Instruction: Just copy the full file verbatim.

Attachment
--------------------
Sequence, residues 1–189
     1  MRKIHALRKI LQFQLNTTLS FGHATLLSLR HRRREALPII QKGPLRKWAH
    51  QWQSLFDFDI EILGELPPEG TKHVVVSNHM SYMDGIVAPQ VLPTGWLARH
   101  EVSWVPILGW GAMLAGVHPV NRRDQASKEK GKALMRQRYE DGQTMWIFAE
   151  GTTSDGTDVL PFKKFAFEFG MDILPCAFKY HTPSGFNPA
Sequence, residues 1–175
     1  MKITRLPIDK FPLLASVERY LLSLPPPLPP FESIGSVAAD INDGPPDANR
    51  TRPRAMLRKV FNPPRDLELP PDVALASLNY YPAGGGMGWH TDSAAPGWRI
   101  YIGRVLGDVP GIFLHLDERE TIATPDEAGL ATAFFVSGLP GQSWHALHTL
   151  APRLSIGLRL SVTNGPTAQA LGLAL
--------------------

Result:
Sequence, residues 1–189
     1  MRKIHALRKI LQFQLNTTLS FGHATLLSLR HRRREALPII QKGPLRKWAH
    51  QWQSLFDFDI EILGELPPEG TKHVVVSNHM SYMDGIVAPQ VLPTGWLARH
   101  EVSWVPILGW GAMLAGVHPV NRRDQASKEK GKALMRQRYE DGQTMWIFAE
   151  GTTSDGTDVL PFKKFAFEFG MDILPCAFKY HTPSGFNPA
Sequence, residues 1–175
     1  MKITRLPIDK FPLLASVERY LLSLPPPLPP FESIGSVAAD INDGPPDANR
    51  TRPRAMLRKV FNPPRDLELP PDVALASLNY YPAGGGMGWH TDSAAPGWRI
   101  YIGRVLGDVP GIFLHLDERE TIATPDEAGL ATAFFVSGLP GQSWHALHTL
   151  APRLSIGLRL SVTNGPTAQA LGLAL